Although the average 60 to 70 percent response rate seen with ECT is comparable to that obtained with pharmacotherapy, there is evidence that the antidepressant effect of ECT occurs faster than that seen with medication, encouraging the use of ECT where depression is accompanied by potentially uncontrollable suicidal ideas and actions (Rudorfer et al., 1997). However, ECT does not exert a long-term protection against suicide. Indeed, it is now recognized that a single course of ECT should be regarded as a short-term treatment for an acute episode of illness. To sustain the response to ECT, continuation treatment, often in the form of antidepressant and/or mood stabilizer medication, must be instituted (Sackeim, 1994). Individuals who repeatedly relapse following ECT despite continuation medication may be candidates for maintenance ECT, delivered on an outpatient basis at a rate of one treatment weekly to as infrequently as monthly (Sackeim, 1994; Rudorfer et al., 1997).
The major risks of ECT are those of brief general anesthesia, which was introduced along with muscle relaxation and oxygenation to protect against injury and to reduce patient anxiety. There are virtually no absolute health contraindications precluding its use where warranted (Potter & Rudorfer, 1993; Rudorfer et al., 1997).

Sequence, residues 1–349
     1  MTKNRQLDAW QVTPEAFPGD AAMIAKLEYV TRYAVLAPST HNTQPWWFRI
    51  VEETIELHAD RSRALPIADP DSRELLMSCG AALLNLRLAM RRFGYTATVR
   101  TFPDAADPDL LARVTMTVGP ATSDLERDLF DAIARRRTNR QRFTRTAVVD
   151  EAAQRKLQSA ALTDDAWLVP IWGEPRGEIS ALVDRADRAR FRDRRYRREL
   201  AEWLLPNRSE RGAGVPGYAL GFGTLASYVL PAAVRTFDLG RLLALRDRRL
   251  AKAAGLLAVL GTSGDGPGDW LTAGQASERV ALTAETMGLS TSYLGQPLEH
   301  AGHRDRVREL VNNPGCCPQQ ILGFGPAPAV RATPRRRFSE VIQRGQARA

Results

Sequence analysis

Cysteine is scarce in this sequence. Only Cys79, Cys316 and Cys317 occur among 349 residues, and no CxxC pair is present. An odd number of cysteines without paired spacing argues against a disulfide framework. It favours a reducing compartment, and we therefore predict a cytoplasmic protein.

The most common adverse effects of this treatment are confusion and memory loss for events surrounding the period of ECT treatment. The confusion and disorientation seen upon awakening after ECT typically clear within an hour. More persistent memory problems are variable. Most typical with standard, bilateral electrode placement (one electrode on each side of the head) has been a pattern of loss of memories for the time of the ECT series and extending back an average of 6 months, combined with impairment with learning new information, which continues for perhaps 2 months following ECT (NIH & NIMH Consensus Conference, 1985). Well-designed neuropsychological studies have consistently shown that by several months after completion of ECT, the ability to learn and remember are normal (Calev, 1994). Although most patients return to full functioning following successful ECT, the degree of post-treatment memory impairment and resulting impact on functioning are highly variable across individuals (NIH & NIMH Consensus Conference, 1985; CMHS, 1998). While clearly the exception rather than the rule, no reliable data on the incidence of severe post-ECT memory impairment are available. Fears that ECT causes gross structural brain pathology have not been supported by decades of methodologically sound research in both humans and animals (NIH & NIMH Consensus Conference, 1985; Devanand et al., 1994; Weiner & Krystal, 1994; Greenberg, 1997; CMHS, 1998). The decision to use ECT must be evaluated for each individual, weighing the potential benefits and known risks of all available and appropriate treatments in the context of informed consent (NIH & NIMH Consensus Conference, 1985).